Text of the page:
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The Met Office wins the BBC Weather contract

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Mark Byford Mark Byford | 10:59 UK time, Tuesday, 6 July 2010

People playing in heavy snow in the parkToday's announcement concludes a rigorous and competitive tender process begun in Autumn 2009 which sees the Met Office continuing to supply the BBC with its weather services for the next five years.

Weather is a key part of the BBC's news and information services and a much loved talking point for everyone across the UK. The public turns to us in huge numbers for regular weather updates, or for accurate information and forecasts when big weather stories happen - such as the recent heavy snow or floods.

The BBC, as a public service broadcaster, is committed to offering audiences the highest quality for the best value for money and we're confident this new contract does that. The Met Office has demonstrated its ability and commitment to deliver a high quality service through accuracy, consistency of data and flexibility. Overall the new contract delivers better value for money.

The BBC has been working in partnership with the Met Office for many years, a relationship that dates back to 1922 when a script prepared by the Met Office was read out by an announcer for the first time in a radio weather forecast. 

Much has been made about the decision to put the contract out to tender, with some claiming it to be because of inaccurate forecasts by the Met Office around the Barbecue Summer/mild winter. This is simply not the case.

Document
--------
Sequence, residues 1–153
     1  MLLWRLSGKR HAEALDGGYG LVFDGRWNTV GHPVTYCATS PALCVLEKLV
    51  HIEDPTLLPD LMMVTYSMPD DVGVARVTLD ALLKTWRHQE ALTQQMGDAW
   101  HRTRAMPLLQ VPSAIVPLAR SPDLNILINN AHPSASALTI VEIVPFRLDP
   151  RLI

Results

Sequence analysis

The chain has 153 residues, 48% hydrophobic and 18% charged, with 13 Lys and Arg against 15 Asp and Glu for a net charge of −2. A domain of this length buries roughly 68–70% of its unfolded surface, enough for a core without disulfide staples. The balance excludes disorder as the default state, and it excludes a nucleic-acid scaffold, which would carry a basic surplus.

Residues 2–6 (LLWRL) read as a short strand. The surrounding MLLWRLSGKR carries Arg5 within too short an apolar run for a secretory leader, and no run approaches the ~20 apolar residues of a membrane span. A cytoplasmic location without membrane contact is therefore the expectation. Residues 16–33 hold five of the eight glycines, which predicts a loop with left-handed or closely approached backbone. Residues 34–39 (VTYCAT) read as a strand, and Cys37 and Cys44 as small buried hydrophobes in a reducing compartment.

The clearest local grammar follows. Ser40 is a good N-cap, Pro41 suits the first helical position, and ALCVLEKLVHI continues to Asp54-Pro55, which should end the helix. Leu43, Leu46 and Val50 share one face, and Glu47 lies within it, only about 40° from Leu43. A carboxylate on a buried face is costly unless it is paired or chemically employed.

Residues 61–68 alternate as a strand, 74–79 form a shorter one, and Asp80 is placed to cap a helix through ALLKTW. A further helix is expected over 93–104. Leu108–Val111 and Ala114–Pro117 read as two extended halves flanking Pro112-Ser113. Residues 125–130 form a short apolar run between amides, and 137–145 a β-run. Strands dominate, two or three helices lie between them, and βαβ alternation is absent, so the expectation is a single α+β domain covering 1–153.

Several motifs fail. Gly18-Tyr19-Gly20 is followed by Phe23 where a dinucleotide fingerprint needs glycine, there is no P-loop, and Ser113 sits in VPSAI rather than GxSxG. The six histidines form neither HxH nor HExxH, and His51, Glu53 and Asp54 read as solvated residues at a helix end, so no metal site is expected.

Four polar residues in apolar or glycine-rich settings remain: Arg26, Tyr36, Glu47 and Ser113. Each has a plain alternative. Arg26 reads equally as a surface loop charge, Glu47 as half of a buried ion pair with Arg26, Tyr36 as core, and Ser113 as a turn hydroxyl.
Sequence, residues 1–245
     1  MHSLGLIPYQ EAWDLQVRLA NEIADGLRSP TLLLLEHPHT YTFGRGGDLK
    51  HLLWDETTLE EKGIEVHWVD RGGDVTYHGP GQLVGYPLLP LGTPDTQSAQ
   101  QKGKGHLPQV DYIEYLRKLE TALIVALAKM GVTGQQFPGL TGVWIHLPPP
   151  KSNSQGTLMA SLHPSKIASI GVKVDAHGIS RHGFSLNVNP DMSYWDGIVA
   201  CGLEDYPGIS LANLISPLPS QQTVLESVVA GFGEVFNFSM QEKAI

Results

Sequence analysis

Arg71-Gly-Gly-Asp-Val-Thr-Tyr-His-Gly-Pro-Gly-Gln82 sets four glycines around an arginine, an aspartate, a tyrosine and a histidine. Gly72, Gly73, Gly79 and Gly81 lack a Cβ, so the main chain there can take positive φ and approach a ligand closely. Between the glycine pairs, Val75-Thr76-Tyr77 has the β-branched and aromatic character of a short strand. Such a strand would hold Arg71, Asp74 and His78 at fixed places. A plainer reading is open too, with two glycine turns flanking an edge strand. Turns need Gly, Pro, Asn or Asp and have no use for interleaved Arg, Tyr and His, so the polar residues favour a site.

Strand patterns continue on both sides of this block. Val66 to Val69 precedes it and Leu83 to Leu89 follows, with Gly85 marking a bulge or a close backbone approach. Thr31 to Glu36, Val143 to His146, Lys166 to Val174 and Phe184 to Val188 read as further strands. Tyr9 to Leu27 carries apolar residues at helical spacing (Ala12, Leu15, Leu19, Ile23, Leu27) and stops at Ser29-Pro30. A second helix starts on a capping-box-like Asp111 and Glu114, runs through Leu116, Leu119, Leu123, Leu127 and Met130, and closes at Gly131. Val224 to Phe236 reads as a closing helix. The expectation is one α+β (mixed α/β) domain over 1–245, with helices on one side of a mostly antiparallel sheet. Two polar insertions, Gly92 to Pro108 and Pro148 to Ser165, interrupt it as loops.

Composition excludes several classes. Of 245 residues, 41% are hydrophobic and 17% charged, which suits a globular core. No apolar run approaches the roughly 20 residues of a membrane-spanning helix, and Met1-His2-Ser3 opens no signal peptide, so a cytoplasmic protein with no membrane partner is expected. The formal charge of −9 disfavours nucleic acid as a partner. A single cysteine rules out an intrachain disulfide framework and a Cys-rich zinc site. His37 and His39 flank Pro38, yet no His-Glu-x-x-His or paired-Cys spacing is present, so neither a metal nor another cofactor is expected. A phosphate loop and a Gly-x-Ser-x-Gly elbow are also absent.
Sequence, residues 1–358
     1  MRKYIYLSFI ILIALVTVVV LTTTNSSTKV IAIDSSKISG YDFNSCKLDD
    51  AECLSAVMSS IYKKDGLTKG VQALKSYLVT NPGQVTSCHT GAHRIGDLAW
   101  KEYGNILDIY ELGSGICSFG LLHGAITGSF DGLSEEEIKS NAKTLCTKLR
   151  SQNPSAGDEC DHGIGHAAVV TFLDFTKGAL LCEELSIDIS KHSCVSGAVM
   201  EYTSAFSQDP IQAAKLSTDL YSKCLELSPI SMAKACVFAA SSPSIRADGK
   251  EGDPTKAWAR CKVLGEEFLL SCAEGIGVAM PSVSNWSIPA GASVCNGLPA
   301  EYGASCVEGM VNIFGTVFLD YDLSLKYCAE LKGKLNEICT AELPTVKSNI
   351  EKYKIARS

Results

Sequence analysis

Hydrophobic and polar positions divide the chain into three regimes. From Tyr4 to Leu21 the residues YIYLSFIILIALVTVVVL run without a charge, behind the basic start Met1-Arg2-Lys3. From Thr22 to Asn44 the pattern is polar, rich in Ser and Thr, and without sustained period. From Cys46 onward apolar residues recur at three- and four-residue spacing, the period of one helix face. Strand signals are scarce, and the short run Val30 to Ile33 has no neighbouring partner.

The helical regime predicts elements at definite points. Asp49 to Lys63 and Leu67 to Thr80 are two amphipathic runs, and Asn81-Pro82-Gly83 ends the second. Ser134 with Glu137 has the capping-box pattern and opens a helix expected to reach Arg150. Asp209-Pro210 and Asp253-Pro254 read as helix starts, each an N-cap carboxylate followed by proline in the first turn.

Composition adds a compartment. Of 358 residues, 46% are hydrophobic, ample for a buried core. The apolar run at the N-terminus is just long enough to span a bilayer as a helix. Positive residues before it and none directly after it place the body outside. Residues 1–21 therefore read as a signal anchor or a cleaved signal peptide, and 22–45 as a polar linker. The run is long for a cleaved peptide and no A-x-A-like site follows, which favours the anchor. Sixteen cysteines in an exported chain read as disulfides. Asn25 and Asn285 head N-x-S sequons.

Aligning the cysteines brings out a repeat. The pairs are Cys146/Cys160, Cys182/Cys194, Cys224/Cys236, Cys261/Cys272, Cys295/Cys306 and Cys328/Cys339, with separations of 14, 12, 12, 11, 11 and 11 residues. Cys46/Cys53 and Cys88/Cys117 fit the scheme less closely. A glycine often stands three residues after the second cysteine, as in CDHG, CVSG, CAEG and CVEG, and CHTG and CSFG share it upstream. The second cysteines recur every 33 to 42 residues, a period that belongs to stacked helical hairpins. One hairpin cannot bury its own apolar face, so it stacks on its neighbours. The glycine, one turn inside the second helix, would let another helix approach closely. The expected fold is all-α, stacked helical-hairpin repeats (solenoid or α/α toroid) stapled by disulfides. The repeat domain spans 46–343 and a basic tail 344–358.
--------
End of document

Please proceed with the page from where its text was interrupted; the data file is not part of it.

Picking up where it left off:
The truth is we had recognised a significant change in the market for weather services which has become more competitive in the last few years. It is exactly because of this new context that we wanted to consider the options available to ensure we were still offering the best value for money to licence fee payers. And it made sense to do so at a time when the contract with the Met Office was about to expire.

So what does the contract mean and what are the differences you'll see going forward?

Accuracy and consistency are central to what BBC Weather does and this contract renews our commitment to produce high quality forecasts across TV, radio, online, mobile and Red Button.

The contract covers the supply of weather services, which includes weather data, on air presenters and forecast services. Our audiences won't see drastic changes in how our forecasts are being presented - the weather map will be retained and familiar faces will continue to be seen and heard regularly.

What this contract means is that the BBC will get more data for more locations and more frequently throughout the UK and around the world - which will help keep weather forecasts consistent and accurate.

It will also allow the BBC and the Met Office to organise their resources in a way which will help provide the most consistent forecasts across all our platforms.

Our responsibility is to our audiences and we will focus on our mission to make sure BBC Weather continues to deliver the authoritative, reliable, accurate and innovative forecasts on which our audiences rely.

Mark Byford is Deputy Director-General at the BBC


  • The image was taken by BBC News Photographer, Jeff Overs 


  • Comment number 1.

    Oh Christ, does that mean we are stuck with the dumbed down weather report and that trashy moving map. Met-Office, you could have got have got your local pre-school to do the forecast for all we learn from it these days.

  • Comment number 2.

    I find the rather specific web based forecast reasonably accurate. It certainly isn't static and as patterns change so does the forecast.
    Not sure how 'dumbed down' the tv forecast is - on a par with C4 or Sky, it would seem?


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